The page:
If it's Halloween, if there's a serial killer on the loose and if you
realize that you haven't seen your parents around the house for a few
days, worry. Even if you're a stoner like Anton (Devon Sawa), who
spends his time smoking pot and watching TV with his fellow wastrels and
who isn't used to getting excited about anything, now is the time to be
And if you're screenwriters like Terri Hughes and Ron Milbauer who think
a movie full of old fashioned buckets of gore is still fun so long as
it's another parody like SCREAM, worry. Genres can be so run into the
ground that each one becomes more tedious than the last. IDLE HANDS,
yet another teen horror comedy, has all the old jokes you've seen
before, recycled one more time.
Let's do a horror movie check list to make sure that Hughes and Milbauer
covered all their bases. Severed head? Check. Severed hand? Check.
Sex interrupted by death? Check, check, and check. Blood splattering
the walls in every other scene? Check. Stupid parents who are quickly
eliminated? Check. Romantic female lead who never realizes that she's
in jeopardy? Check. Etc., ad nauseam.
The basic set up for this horror flick involves Anton's possessed hand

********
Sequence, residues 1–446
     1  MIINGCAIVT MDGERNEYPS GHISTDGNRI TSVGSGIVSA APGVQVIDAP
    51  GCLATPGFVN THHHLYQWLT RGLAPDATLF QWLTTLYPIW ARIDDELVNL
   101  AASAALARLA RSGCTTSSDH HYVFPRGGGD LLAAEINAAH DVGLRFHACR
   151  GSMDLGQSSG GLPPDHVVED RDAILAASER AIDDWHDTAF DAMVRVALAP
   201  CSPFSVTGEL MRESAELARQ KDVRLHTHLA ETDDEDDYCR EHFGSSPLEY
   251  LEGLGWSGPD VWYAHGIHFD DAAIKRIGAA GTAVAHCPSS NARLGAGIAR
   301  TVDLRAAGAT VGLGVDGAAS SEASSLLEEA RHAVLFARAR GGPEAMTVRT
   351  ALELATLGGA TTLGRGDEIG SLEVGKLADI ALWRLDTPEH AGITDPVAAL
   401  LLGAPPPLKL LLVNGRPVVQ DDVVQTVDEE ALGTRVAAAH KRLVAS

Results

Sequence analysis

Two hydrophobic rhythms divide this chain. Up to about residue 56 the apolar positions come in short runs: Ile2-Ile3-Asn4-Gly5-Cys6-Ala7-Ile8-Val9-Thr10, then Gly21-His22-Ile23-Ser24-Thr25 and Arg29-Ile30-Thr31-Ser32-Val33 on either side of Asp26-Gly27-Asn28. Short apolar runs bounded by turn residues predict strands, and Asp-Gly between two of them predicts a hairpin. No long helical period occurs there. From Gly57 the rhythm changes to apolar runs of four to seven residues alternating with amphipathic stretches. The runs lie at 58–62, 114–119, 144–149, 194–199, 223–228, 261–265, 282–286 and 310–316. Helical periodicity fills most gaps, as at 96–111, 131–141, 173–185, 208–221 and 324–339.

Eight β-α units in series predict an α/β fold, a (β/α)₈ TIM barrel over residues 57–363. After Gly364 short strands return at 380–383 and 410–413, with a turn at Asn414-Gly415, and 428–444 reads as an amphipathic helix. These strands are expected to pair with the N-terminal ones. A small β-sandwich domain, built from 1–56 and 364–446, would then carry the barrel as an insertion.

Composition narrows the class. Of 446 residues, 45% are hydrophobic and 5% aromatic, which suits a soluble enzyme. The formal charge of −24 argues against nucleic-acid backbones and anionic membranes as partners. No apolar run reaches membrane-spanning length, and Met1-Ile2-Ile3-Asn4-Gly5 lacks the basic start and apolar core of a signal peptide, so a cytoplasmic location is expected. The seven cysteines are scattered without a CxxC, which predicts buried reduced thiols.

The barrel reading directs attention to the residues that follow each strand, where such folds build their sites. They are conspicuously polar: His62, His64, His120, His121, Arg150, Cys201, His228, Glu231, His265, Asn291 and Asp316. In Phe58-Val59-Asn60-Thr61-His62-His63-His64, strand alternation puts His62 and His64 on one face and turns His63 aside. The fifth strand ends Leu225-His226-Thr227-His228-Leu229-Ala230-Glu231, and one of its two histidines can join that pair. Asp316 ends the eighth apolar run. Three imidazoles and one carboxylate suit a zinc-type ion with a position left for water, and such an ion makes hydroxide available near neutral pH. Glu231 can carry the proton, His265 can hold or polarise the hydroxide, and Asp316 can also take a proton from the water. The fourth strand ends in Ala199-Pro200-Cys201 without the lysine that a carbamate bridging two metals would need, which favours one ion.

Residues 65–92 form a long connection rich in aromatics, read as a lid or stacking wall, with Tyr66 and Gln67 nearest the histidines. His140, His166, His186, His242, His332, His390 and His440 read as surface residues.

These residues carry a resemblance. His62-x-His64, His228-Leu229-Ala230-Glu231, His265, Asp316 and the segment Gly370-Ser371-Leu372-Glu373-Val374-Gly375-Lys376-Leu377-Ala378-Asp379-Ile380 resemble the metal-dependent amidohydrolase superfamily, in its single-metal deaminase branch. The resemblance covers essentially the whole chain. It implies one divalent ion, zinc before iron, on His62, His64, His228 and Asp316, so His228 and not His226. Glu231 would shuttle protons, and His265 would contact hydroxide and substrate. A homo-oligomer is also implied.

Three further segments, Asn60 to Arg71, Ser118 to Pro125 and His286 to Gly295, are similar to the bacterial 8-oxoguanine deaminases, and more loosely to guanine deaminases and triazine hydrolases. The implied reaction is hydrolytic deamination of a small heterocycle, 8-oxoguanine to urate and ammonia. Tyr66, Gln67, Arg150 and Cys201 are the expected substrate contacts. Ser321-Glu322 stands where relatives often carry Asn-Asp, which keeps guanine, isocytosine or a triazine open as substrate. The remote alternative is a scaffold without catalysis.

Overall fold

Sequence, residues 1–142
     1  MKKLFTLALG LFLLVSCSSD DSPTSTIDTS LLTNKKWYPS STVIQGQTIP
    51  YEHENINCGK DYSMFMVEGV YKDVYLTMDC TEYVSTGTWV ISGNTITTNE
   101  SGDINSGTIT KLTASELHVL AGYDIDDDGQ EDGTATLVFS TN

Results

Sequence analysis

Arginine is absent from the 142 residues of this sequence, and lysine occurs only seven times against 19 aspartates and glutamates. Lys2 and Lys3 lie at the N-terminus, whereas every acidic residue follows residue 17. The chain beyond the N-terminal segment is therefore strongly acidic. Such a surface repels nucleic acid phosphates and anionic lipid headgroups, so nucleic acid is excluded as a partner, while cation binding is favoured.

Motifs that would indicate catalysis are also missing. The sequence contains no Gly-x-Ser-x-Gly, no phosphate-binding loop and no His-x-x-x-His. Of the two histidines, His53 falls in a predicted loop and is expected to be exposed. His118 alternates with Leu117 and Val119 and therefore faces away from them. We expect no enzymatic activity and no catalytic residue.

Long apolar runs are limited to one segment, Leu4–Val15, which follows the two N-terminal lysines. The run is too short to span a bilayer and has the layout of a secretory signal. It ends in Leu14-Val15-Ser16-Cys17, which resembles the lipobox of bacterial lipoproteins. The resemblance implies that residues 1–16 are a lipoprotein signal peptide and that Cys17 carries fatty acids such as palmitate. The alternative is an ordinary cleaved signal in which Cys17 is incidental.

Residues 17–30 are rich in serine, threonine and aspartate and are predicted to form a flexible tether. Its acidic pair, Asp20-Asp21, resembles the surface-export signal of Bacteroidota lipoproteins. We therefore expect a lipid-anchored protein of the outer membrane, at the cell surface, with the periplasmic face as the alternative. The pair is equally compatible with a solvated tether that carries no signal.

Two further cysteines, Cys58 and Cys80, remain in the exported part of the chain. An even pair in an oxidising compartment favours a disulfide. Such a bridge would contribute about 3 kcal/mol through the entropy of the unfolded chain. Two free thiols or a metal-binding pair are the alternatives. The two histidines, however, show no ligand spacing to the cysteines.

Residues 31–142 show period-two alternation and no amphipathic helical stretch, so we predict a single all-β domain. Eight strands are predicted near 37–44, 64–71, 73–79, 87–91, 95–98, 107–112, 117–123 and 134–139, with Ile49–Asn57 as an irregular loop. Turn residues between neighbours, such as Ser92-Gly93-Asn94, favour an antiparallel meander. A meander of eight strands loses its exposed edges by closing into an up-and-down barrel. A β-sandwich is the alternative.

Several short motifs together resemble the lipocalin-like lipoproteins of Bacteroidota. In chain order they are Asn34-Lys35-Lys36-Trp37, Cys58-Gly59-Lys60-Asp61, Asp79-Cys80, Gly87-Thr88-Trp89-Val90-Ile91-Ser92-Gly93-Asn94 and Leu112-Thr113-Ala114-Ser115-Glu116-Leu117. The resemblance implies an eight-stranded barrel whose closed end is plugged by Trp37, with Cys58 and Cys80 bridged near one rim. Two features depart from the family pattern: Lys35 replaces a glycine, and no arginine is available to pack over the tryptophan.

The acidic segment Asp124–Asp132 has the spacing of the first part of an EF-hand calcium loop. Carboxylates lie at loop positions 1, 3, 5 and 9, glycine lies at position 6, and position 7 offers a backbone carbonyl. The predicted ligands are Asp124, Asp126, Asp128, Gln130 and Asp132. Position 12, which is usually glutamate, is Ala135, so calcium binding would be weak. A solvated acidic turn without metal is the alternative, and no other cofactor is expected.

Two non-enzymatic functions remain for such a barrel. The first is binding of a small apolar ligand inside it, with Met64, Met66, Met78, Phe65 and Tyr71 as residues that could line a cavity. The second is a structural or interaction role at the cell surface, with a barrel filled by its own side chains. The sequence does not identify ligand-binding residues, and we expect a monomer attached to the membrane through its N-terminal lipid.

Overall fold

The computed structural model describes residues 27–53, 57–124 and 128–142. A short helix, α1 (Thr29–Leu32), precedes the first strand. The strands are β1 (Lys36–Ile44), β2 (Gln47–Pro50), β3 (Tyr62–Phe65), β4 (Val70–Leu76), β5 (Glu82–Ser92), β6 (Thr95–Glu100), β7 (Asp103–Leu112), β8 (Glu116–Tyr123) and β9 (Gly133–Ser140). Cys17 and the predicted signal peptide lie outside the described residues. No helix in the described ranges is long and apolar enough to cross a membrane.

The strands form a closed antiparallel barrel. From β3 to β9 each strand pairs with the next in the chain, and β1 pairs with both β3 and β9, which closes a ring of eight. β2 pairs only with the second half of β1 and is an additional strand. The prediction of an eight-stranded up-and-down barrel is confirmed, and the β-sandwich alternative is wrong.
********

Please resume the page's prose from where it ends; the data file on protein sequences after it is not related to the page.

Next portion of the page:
that kills and kills again. With slapstick worthy of a vaudeville
routine, we watch his good and bad hands fight. Besides saving damsels
in distress, what else does his good hand fight for? Possession of the
television remote control.
Trying its best to gross out the audience, the film runs through all of
the old horror tricks and tries a few new ones. The best -- or worst of
these depending on your point of view -- is microwaving the bad hand as
we watch its skin slowly explode, spewing blood all over the microwave.
Anton's friends, Mick (Seth Green) and Pnub (Jack Noseworthy), who at
that point in the story are part of the undead, see no problem in
putting a package of popcorn right on top of the residual blood. No way
are they going to clean house now that they're walking corpses.
So what will pacify Anton's evil hand? "Idle hands are the devil's
playpen," he is advised. He turns with brief success to knitting in
front of the ubiquitous television. This works until the police ask him
to drop the knitting needles. You can probably guess where the knitting
needles will end up.
The story's gore quickly becomes tiresome. Worse is the piece of advice
that Pnub offers what will undoubtedly be a heavily teen audience, the
prime market for these horror flicks. "As usual, marijuana saves
another disastrous day," he boasts in the story's conclusion after their
favorite weed enables them to gain control of the nefarious hand. Now,
there's a message more insidious than the movie's massive violence.
IDLE HANDS runs 1:40. It is rated R for massive gore, drug usage, sex,
nudity and profanity and would be acceptable only for older teenagers.
Copyright © 1999 Steve Rhodes